Solvents - I avoid toxic fumes and chemicals as much as possible.
Turpenoid Natural - it is non toxic. This will dissolve dried oil paints from brushes - oh yeah, I really don't like cleaning brushes and inevitably regret putting it off. Don't use this for washes on your painting - I tried it about 18 years ago and the painting never really dried.
Gamblin Gamsol Odorless Mineral Spirits - I listened to an interview where Robert Gamblin stated that Gamsol mineral spirits fumes are less harmful than the air that comes through our windows and will not absorb through our skin. Stay away from turpentine if you can since it is harmful to breathe and is absorbed through the skin. Gamsol is useful for the initial washes on paintings - although I primarily use just walnut oil now.
Walnut Oil - I use M. Graham Company walnut oil for my initial washes and lay in because the colors retain a more wet look than with mineral spirits when they dry - the darks aren't so sunken and matte looking.
Paper Towels - Most professional artists I know use Viva (update: Viva changed their composition or manufacturing - the towels fall apart if I wipe paint off my panel and leave little remnants everywhere - I still use them, but will probably switch to rags or the blue shop towels. Hopefully Viva will bring back their original towels some time soon.
Books I buy most of my books from Amazon or Half Price Books, but you might find some of these at traditional book stores as well.
Creative Illustration by Andrew Loomis
- Great information from an illustrator's point of view, yet definitely helpful for realist artists. Many of the top representational fine artists today learned work ethic and helpful techniques as illustrators.
The Painter's Keys
- I have been reading Robert Genn's twice weekly newsletters for 5 or 6 years. I don't know how he does it while keeping up with painting. Very entertaining and inspiring!
Start Logic: I have been using Start Logic since 2004 when I created my website. Great phone tech support. I trust Start Logic.
Books for learning how to use Adobe Products:There are also some pretty good free tutorials on YouTube.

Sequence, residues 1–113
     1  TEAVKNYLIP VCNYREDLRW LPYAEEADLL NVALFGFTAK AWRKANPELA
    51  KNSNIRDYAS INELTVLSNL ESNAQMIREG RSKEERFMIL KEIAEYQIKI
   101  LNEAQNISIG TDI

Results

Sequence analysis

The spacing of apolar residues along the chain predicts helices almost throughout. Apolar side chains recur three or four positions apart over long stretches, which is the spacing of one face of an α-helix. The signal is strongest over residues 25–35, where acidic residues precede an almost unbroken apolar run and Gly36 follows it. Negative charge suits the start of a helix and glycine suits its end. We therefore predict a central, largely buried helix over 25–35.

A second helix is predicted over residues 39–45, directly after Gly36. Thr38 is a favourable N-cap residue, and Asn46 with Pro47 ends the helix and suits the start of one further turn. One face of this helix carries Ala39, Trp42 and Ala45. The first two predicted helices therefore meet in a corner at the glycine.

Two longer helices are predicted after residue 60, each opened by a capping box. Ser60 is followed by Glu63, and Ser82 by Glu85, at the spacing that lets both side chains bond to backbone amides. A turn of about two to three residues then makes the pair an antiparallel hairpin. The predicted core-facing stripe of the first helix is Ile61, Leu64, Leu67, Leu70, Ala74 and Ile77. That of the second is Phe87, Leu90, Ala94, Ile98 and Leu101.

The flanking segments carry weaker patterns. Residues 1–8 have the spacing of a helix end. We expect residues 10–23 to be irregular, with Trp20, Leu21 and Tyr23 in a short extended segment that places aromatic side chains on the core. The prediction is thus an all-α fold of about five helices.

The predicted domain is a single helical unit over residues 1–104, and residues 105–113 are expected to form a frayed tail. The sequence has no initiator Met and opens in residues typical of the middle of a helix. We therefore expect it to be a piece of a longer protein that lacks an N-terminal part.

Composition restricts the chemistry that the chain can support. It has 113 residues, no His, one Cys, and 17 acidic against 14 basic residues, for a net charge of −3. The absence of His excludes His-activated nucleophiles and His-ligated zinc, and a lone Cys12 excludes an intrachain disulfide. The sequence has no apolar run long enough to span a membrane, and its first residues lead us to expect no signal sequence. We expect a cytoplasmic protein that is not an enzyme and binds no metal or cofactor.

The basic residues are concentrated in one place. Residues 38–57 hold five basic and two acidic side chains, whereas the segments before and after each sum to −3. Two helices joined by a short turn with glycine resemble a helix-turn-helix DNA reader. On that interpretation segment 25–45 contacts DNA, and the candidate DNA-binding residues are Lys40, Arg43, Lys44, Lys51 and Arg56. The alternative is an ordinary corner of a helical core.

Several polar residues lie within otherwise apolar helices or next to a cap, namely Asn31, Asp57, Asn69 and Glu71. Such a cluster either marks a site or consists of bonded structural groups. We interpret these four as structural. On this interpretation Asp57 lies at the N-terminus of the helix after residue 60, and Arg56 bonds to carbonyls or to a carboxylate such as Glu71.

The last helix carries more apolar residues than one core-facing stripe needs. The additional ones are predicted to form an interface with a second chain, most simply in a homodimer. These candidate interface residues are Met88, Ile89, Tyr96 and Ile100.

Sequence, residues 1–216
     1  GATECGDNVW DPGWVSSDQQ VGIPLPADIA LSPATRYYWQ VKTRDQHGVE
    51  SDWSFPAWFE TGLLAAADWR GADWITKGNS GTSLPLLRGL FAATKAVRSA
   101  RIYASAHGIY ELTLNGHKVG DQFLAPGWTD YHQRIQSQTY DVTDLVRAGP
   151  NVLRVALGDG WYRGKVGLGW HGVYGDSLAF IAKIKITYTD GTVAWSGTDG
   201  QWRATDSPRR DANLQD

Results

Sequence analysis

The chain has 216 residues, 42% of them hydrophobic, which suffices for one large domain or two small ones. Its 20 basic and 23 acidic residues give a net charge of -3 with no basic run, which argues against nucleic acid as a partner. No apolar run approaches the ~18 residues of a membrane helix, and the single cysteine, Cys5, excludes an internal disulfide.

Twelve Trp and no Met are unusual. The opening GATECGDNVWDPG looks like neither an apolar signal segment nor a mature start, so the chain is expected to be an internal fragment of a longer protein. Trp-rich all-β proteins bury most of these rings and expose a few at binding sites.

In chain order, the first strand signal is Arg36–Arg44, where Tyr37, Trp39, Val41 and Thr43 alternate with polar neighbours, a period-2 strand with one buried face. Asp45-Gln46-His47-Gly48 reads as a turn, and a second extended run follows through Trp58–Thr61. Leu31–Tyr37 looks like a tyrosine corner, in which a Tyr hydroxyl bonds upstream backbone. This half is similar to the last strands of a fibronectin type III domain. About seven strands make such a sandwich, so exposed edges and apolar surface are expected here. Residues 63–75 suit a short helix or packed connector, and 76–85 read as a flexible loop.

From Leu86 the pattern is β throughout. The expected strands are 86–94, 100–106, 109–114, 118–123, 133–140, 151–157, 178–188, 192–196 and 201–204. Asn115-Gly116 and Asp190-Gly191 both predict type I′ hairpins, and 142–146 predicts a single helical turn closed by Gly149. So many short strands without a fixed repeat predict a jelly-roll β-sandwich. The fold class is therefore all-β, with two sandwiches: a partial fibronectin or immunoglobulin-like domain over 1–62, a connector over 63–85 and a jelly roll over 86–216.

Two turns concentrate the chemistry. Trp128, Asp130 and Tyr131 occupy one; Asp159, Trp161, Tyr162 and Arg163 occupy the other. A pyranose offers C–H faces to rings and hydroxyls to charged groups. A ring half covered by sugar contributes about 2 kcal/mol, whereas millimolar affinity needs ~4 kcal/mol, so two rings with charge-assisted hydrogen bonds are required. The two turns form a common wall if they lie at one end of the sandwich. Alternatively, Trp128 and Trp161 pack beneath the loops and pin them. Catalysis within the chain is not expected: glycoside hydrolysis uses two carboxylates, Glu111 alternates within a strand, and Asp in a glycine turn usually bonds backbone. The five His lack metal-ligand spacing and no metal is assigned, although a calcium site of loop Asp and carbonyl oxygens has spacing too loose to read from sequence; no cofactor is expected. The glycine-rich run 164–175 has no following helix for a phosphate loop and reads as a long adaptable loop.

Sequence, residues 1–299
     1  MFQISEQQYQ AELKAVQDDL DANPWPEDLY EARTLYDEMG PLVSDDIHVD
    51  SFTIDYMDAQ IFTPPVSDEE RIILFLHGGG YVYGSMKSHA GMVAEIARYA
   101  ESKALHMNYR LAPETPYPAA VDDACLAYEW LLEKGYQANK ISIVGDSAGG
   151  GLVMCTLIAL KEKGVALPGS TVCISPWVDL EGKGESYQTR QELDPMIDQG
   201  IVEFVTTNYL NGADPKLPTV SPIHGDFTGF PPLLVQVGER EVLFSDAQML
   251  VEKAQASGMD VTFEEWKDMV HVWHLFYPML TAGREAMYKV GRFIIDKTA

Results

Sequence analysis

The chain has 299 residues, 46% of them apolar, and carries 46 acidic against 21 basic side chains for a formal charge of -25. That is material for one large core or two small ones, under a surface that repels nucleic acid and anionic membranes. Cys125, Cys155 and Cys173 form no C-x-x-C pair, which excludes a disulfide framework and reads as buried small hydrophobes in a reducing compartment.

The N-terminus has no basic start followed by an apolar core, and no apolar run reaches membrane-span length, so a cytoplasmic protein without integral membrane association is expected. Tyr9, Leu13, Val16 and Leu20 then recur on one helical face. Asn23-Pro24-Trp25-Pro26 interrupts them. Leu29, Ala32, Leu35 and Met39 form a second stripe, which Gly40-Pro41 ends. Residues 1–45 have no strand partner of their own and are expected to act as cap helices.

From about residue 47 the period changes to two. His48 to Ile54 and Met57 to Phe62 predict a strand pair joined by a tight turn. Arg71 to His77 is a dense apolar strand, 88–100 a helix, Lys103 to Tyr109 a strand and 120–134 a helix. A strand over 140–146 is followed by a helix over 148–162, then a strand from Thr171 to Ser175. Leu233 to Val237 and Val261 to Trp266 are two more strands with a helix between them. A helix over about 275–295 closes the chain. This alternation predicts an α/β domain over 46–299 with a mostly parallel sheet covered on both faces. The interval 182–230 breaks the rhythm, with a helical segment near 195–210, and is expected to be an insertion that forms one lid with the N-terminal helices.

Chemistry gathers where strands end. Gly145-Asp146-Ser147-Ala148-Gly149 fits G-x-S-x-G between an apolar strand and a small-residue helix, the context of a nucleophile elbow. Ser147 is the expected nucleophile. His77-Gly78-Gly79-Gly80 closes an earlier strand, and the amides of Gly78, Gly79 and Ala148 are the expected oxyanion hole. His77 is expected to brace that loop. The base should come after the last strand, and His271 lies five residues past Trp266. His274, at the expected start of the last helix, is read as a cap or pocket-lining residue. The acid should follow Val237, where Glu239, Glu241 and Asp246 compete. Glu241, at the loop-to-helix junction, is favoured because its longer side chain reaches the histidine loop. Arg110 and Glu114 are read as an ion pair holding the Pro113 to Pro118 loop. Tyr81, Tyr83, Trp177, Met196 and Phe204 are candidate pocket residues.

Dreamweaver - the Missing Manual:
This has everything - I haven't read it cover to cover - when I have a question I use the index and find what I need at the moment.
Video books for learning how to use Adobe Products:I have the video series for Illustrator and Flash as well, but I haven't had time to look at them so I have only included those that I use.
Adobe Photoshop CS6 Digital Classroom:
Photoshop is amazing, but I am still a comparative neanderthal with my abilities - I just don't have time to learn it well - that's why I have books and tutorials when I need them.
Adobe Dreamweaver CS6 Digital Classroom:
I refer to these often when I change up my website occassionally - this stuff just doesn't stay in my brain very well - I'm much more interested in painting than web design.
Learning & Listening
I love to learn about everything so I listen to books while I paint. I usually need to hear a book a few times because my brain only lets bits and pieces sink in while I'm engaged in actual painting mode. Once in a while I listen to a book for entertainment, especially youth books - I don't like foul language or 'for mature audiences' content - maybe it's because I'm just a big kid, but generally I like positive uplifting influences. For artists, Audible is a great resource.
The Great Courses:
I listened to my first Great Courses book in 1992 and have been telling friends about them ever since. They are beautifully done and fun to learn from!
Disclosure: Some of the links above are affiliates, which means that you get to help me earn a commission and it won't cost you a penny more. Kind of cool, huh. I've used many of these companies and products for more than a decade. I won't recommend any product or company unless I am personally a fan. So I hope you have as much fun with them as I do! Feel free to let me know what you find useful as well.